Measuring the Social Performance of Microfinance in Europe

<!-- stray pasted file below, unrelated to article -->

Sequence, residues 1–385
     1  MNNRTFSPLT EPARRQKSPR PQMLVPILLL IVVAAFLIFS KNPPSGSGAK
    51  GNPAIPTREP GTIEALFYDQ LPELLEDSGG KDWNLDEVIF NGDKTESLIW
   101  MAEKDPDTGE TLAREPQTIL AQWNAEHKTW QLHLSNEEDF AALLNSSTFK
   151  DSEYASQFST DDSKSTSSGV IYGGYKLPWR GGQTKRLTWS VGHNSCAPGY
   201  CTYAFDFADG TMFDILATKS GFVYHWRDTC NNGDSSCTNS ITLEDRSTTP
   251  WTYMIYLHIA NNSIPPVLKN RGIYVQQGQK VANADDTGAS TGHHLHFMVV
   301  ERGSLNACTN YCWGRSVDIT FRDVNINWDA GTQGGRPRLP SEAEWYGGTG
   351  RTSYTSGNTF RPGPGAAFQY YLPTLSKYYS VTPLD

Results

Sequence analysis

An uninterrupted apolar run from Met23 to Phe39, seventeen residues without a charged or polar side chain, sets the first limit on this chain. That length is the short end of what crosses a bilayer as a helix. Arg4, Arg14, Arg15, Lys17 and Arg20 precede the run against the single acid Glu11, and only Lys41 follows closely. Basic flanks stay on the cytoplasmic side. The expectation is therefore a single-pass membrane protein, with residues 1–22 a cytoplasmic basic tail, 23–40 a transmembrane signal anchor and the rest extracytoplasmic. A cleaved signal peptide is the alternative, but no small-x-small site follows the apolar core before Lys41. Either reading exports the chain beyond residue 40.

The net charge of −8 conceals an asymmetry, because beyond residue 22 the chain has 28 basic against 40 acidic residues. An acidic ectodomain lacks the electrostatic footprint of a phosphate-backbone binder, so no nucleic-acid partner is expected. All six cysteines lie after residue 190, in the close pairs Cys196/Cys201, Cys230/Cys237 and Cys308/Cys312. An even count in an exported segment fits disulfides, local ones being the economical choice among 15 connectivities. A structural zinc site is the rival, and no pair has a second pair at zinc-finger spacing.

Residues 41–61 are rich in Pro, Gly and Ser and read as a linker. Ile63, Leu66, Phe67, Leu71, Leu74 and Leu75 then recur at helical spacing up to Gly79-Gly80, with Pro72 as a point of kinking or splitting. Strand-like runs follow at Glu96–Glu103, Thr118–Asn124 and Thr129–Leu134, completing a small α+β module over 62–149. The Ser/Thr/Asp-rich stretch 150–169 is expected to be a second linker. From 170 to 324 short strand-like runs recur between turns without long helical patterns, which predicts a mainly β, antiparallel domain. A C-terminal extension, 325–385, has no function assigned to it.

Microfinance promise to serve low-income or disadvantaged beneficiaries excluded from the formal banking sector in a financially sustainable way (thus to achieve the so called “double bottom line” of financial and social performance) built excitement around the development of a global industry. However, for a long time an anti-subsidy position embedded in the international key donor community have shown little concern of social performance data and information on beneficiaries profiles in terms of various dimension of social and financial exclusion. Until recently, most of the emphasis of microfinance advocates has been devoted to MFIs financial performance following the “win-win” proposition, according to which financial viability should be sufficient to show social impact, a view that is supported by a controversial evidence and is based on a selective understanding of conceptual facts. Nevertheless, several initiatives recently translated into the Social Performance Task Force (SPTF) attempt to explore social aspects of microfinance providing a new definition of social performance more focused on the whole process leading to a social impact. Aim of this paper is to measure European MFIs social performance according to a core set of common indicators developed by the SPTF but using data collected in 2010 by the European Microfinance Network (EMN) on a sample of 170 microfinance actors operating in 21 countries out of 27 European Union (EU) member countries, current EU candidate countries and countries belonging to the European Free Trade Area (EFTA). The reference framework followed in the current social performance analysis examines the whole process of translating MFIs mission into social impact and includes the analysis of three connected dimensions of the social performance process corresponding to different set of indicators: the intent of the MFI, the effectiveness of the internal system and activities in achieving its targets, MFI outputs and eventually its capacity to positively affect clients life and achieve social goals.